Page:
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It’s the 20 anniversary of “Living Single” but don’t expect a reunion anytime soon. Most of the cast, including Queen Latifah, who is reprising her role as a talk show host, and Erika Alexander, now starring in the AMC series “Low Winter Sun,” is busy. “This would be a good year to do it,” Alexander says. “I think that would be nice, but I don’t know. “

Although she keeps in touch with Latifah sporadically neither she nor any of her castmastes have worked with Latifah since. “Our paths haven’t crossed,” Alexander says. But despite the time that’s passed and the other projects she’s done, the role of Maxine Shaw on “Living Single” lingers in the public mindset. She’s often greeted as her character on the show.

“It happens to me all the time,” Alexander told The Tom Joyner Morning Show. “It’s like being Mickey Mouse, but in blackface. Well, Mickey Mouse is in blackface, so that’s like kind of a double thing. But it’s cool. It’s really cool.”

On her new show, “Low Winter Sun,” Alexander is part of an ensemble stellar cast including Ruben Santiago-Hudson. Two Detroit homicide detectives murder a fellow cop, but stage it to look like a suicide. Then they have to deflect the subsequent Internal Affairs investigation. The show is helmed by Ernest Dickerson, who directed the seminal 90’s movie “Juice” and has also worked on “Dexter” and “The Wire.”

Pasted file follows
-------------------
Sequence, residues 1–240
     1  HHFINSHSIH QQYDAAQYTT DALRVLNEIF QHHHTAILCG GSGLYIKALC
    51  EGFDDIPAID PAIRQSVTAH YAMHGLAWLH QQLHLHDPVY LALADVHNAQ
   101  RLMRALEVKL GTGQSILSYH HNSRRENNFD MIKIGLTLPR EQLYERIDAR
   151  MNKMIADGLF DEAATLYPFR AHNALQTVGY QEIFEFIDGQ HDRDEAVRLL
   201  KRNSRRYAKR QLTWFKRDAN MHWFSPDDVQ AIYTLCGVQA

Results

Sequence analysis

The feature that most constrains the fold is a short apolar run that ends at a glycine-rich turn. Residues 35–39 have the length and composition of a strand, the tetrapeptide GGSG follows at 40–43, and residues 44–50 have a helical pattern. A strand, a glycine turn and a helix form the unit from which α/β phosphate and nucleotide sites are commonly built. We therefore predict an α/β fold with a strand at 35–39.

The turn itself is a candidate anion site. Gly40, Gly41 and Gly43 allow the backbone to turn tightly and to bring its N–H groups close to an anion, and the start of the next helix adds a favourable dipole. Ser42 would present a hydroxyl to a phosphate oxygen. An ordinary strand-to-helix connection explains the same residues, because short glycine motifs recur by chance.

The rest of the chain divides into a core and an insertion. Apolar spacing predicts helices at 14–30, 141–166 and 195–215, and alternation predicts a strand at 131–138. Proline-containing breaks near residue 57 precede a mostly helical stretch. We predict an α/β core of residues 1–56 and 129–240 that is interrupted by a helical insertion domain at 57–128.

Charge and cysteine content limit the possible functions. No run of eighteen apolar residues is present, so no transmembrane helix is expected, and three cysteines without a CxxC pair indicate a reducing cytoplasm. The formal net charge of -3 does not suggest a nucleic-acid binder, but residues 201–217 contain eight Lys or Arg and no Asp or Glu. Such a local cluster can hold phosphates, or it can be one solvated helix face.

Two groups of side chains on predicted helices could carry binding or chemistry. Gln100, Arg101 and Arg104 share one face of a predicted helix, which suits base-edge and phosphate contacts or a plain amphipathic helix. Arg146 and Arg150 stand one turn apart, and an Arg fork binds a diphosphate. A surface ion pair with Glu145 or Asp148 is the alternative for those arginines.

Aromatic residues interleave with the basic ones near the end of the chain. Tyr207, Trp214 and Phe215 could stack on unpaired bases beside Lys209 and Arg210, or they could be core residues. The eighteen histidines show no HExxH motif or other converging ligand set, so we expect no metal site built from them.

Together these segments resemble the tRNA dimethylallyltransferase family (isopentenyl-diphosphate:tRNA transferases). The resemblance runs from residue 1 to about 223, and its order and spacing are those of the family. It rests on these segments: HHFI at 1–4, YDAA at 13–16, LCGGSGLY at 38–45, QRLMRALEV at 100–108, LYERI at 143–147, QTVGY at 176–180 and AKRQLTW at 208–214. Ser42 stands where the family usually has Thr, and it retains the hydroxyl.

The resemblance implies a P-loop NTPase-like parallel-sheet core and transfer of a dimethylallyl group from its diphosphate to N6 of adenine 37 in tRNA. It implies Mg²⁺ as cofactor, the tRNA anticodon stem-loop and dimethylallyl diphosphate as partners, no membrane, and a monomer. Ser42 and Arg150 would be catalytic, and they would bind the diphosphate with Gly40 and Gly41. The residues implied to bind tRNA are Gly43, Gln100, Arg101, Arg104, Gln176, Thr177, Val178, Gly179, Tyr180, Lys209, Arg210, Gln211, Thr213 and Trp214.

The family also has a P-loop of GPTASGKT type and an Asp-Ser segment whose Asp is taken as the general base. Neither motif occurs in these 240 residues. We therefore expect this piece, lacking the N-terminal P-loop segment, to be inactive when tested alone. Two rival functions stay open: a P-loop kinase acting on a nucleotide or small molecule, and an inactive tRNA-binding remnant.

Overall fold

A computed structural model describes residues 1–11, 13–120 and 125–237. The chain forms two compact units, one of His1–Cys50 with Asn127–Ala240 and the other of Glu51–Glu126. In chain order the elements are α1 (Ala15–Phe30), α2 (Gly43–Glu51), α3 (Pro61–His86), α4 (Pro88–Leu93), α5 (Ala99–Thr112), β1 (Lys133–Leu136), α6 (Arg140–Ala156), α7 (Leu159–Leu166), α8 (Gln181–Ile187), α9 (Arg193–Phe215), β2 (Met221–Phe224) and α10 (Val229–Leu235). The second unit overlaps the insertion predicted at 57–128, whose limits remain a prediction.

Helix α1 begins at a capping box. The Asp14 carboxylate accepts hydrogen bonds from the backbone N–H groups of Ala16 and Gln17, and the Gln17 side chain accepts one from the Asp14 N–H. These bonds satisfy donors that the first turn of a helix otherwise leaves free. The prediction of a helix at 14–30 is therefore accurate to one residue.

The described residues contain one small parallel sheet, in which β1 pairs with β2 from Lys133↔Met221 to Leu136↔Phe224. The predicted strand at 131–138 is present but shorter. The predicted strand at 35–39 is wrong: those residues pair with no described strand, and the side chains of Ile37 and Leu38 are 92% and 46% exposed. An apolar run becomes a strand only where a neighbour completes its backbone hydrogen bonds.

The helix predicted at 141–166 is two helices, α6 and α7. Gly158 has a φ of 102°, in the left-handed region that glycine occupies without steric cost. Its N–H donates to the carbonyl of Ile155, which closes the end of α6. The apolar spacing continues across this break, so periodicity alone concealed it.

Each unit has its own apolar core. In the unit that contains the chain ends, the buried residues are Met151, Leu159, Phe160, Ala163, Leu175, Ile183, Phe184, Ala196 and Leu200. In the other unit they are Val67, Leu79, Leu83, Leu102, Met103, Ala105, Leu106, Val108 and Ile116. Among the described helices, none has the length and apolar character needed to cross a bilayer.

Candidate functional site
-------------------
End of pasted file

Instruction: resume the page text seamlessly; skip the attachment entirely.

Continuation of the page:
“My character is Det. Louise Cullen who is strong and sexy. It’s set in Detroit and it’s a very Detroit story. It becomes a character in the whole story and its infused in it. It’s an awesome, awesome cast so I think everybody should tune in.” Alexander also writes a graphic novel with her husband “Eraser” writer and director Tony Puryear and her brother, Robert.

“Concrete Park,” written in response to the dearth of African-American stories in the sci-fi and graphic novel genres will be part of the Best American Comics 2013 series that will be published in hardcover by Houghton Mifflin Harcourt on October 8.

“Being chosen as a Best American Comic our first year out is fantastic,” Alexander says. “For African-American artists like us, it’s something more, because it’s always a struggle to have our true voice heard. It’s difficult to stay encouraged. This honor is fuel for our journey, because we know there’s a ton of work ahead of us.”

“Low Winter Sun” airs on AMC on Sundays at 10 p.m.

(Photo: Retna)